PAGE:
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Zambia’s debt-relief vote sets tone for stormy restructuring

Debt referral vote approaches.
Vendors wait for customers on a sidewalk in the central Lusaka Businness district. Image: Gianluigi Guercia/Getty Images

Zambia looks set to move closer to being Africa’s first sovereign default since the onset of the coronavirus pandemic, with bondholders expected to reject a request to put off payments for six months.

A key vote Tuesday by holders of Zambia’s $3 billion of Eurobonds will also be keenly watched by other poor nations considering how to involve commercial creditors in debt-relief talks. The southern African nation, which has already skipped one $42.5 million coupon payment, said it needs breathing space while it plots a restructuring strategy that strikes a balance between bondholders and bilateral, mostly Chinese, lenders.

A core group of Eurobond holders has already said it wouldn’t support the proposal without assurances of transparency and a credible plan to get the International Monetary Fund’s endorsement. Rafael Molina, an adviser to the group, declined to comment on Monday, stating that its expectations and position had not changed.

“In all likelihood the vote will fail,” said Anthony Simond, a portfolio manager at Aberdeen Standard Investments in London, which has a “small position” in Zambian Eurobonds. “The feeling is that the Zambians haven’t given bondholders sufficient evidence that it has a coherent fiscal plan that brings debt sustainability back on track.”

He wouldn’t comment on how Aberdeen would vote.

While the coronavirus pandemic added to Zambia’s woes, with the economy forecast to shrink this year for the first time since 1998, its debt problems started years earlier.

The government borrowed heavily since 2012, building up nearly $12 billion in external debt and ignoring warnings from the IMF of growing debt distress risks. It took money, often from state-owned Chinese lenders. to build roads, schools and even military housing.

Eurobond holders have raised questions over the transparency of loans from Chinese banks, and fear any relief they grant to Zambia could go to servicing these debts, or be used to finance more projects aimed at winning votes in elections set for August. Zambia said it will treat all creditors equally, and by April had already accrued $201 million in arrears to Chinese lenders.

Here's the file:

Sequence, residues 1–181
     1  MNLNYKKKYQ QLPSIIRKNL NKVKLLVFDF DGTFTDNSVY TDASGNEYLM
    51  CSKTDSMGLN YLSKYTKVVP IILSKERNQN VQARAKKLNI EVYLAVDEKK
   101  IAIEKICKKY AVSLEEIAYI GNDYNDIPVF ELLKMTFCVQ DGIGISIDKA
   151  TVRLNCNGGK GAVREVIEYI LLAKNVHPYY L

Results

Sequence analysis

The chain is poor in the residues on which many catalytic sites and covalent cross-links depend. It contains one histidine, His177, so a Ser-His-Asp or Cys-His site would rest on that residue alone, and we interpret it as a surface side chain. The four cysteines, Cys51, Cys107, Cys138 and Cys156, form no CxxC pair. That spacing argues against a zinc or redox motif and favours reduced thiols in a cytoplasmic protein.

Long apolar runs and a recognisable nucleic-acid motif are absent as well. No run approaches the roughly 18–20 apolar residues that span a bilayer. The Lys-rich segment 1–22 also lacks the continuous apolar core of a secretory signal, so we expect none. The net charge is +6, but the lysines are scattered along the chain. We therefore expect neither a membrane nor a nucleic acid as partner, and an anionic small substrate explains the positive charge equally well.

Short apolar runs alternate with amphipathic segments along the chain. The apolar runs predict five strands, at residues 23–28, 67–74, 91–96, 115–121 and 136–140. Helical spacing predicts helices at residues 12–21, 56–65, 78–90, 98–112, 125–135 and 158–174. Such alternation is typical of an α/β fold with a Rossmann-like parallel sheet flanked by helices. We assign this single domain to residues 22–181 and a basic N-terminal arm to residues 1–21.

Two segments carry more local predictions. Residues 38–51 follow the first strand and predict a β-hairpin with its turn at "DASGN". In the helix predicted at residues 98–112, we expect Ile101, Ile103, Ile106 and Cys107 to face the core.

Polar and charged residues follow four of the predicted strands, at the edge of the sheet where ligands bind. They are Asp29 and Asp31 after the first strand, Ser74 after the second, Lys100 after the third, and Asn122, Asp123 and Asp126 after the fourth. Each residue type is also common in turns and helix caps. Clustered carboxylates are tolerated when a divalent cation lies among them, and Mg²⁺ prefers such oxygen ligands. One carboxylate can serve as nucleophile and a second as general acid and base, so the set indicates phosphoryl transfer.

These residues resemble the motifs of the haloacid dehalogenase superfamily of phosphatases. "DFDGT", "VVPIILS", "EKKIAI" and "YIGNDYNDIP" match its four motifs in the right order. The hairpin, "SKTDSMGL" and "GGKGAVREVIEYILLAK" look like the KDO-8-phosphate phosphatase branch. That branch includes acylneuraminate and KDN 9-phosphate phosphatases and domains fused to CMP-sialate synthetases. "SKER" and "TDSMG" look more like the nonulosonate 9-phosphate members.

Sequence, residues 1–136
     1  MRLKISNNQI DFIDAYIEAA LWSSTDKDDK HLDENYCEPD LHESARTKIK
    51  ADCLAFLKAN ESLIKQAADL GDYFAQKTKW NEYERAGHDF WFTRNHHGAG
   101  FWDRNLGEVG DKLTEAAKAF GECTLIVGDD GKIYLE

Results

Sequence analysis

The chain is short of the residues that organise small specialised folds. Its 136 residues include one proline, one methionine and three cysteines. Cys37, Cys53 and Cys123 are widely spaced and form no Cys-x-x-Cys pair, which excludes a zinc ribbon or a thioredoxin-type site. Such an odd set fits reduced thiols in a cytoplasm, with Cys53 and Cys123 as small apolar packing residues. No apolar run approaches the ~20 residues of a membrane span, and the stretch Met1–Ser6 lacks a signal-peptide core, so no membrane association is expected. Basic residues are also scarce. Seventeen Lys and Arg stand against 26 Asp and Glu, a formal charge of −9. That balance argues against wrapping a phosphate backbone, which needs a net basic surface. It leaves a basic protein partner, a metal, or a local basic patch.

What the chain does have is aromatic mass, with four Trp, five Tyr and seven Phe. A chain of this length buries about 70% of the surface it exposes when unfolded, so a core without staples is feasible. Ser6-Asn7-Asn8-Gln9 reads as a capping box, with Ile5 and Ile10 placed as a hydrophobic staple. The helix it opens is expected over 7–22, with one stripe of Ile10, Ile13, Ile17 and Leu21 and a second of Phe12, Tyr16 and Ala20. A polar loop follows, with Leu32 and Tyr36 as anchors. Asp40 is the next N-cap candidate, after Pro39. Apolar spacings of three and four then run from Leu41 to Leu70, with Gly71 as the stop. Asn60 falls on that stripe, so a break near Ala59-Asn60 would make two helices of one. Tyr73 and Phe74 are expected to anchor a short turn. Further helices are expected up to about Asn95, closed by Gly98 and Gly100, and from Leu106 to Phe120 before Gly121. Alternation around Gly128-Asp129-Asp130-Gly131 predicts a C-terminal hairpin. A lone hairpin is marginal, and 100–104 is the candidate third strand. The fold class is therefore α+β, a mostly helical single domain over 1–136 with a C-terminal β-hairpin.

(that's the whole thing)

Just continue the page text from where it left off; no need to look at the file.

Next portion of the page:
“The Zambian authorities should engage with the bondholders and be clear about what it is they are trying to achieve,” said Richard Briggs, an investment manager at GAM Ltd. in London, which holds the country’s Eurobonds. “The coupon delay in isolation, without a plan, doesn’t do that, particularly given a lack of detail around the progress on an IMF program and visibility on Chinese lending.”

The six-month payment holiday would cover about $120 million of coupons. Zambia’s first principal repayment, of $750 million, is due in 2022. Without relief, the government would also have to pay $854.3 million to banks in the world’s second-largest economy through the end of next year.

‘Rubber Stamp’
It’s not a given that bondholders will refuse Zambia’s payment deferral request. Because the government already skipped last week’s coupon payment, tomorrow’s vote could just be a “rubber-stamping exercise,” according to Ilke Smit, an economist at Pinebridge Investments Europe Ltd. in London.

“We don’t think there will be serious objections to the government’s proposals,” she said. “In the event of a successful restructuring and a prospective IMF deal, its fundamentals can improve quickly.”

Zambia’s $1 billion of Eurobonds due 2024 gained for a second day on Monday, suggesting some investors see a chance the country will reach a deal.

The voting starts at 10 a.m. in London, with separate polls for each of the three Eurobonds. Should holders reject the request, the road to restructuring may be long. The elections, in which President Edgar Lungu will seek a fresh mandate, will make a quick deal with the IMF difficult.

“Politics will play a major role as the presidential election in 2021 could limit the government’s fiscal efforts that would be required for an IMF program and a successful negotiation with creditors,” said Federico Kaune, the New York-based head of emerging markets fixed income at UBS Asset Management. “Negotiations won’t be easy.”

© 2020 Bloomberg

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